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Pakistan election results favour Khan-backed candidates


According to the final results, Independent candidates supported by the PTI party of imprisoned ex-prime minister Imran Khan are now leading in Pakistan's general election.

Independents secured 101 seats in the National Assembly. An investigation reveals that 93 of the cPTI endorsed 93 of the candidates that received support, surpassing the number of seats gained by the PMLN, led by former Prime Minister Nawaz Sharif, who got 75 seats. It remains uncertain who will take charge of the government.

Amid ongoing disputes, unsuccessful independent candidates have inundated the courts with accusations of electoral manipulation.

Both the PTI, barred from participating in the election, and Mr Sharif's PMLN expressed their desire to establish the next administration.

The outcome was unexpected, as many analysts anticipated Mr. Sharif's party, which is generally believed to have the support of the influential military, would emerge victorious.

This prediction was based on the fact that Mr. Khan had been imprisoned on several accusations, including corruption and an unlawful marriage, and his party was disqualified from participating in the election.

To rule, a candidate must demonstrate leadership over a coalition with a straightforward majority of 169 members in the National Assembly.

Bilawal Bhutto of the PPP, which garnered the third highest number of votes, has said they have not engaged in any official deliberations with Imran Khan's PTI or Nawaz Sharif's PMLN. However, the PMLN has said that Mr Bhutto's father did indeed have a casual encounter with Mr Sharif's brother in Lahore.

The MQM party, headquartered in Karachi, has made a remarkable comeback in the elections, securing 17 seats. It has the potential to contribute to a coalition government.

The National legislature has 366 members, with 266 seats determined by direct vote. The remaining 70 seats are reserved, with 60 seats allotted explicitly for women and 10 seats for non-Muslims. These reserved seats are allocated based on the respective party's strength in the legislature.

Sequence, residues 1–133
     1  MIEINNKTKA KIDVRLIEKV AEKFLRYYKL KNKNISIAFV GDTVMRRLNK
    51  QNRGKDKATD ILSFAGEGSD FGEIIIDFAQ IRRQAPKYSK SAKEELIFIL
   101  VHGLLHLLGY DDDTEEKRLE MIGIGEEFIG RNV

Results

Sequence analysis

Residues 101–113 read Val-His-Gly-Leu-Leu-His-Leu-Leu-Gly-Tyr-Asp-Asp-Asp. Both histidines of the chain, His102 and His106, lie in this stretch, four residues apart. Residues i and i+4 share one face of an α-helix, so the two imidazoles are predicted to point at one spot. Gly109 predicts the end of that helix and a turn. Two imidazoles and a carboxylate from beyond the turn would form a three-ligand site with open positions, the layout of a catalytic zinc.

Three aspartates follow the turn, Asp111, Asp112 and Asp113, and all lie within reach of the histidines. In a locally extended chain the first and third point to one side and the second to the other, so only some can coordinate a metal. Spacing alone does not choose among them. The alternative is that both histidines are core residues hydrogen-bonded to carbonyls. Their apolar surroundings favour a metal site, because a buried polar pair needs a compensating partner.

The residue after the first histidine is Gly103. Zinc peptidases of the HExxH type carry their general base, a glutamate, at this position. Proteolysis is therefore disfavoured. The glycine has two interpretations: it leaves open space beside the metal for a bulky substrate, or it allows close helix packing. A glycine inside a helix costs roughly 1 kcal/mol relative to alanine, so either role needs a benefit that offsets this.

According to Pakistan's regulations, independent candidates cannot receive reserved parliamentary seats.

The chairman of the PTI called for peaceful demonstrations outside the electoral commission's headquarters, expressing concern over the authenticity of the election results.

On Saturday, Mr Sharif, believed to have the military's support, appealed to other political groups to assist him in establishing a coalition administration.

On Sunday, law enforcement authorities cordoned off the streets around the election commission headquarters in Rawalpindi in preparation for potential demonstrations. Meanwhile, police in Islamabad announced their intention to take appropriate measures against any protestors.


The election proves Imran Khan's support against the odds

As cautioned by experts, Pakistan is at risk of experiencing an extended period of political instability.

According to Dr Farzana Shaikh from the Chatham House think tank, it is improbable that the Khan-linked independent candidates would be permitted to establish a government. Many individuals are concerned that a partnership between Mr Sharif and the PPP might lead to a weak and unstable coalition.

Meanwhile, at least six candidates supported by PTI who were unsuccessful in securing their seats have filed legal petitions in the courts to invalidate the election results.

One of the individuals is Yasmin Rashid, who opposed Mr Sharif in Lahore. The petitioners claim that a coordinated effort was made to manipulate the election results by tampering with specified documents.

Pakistani authorities have refuted any allegations of misconduct.

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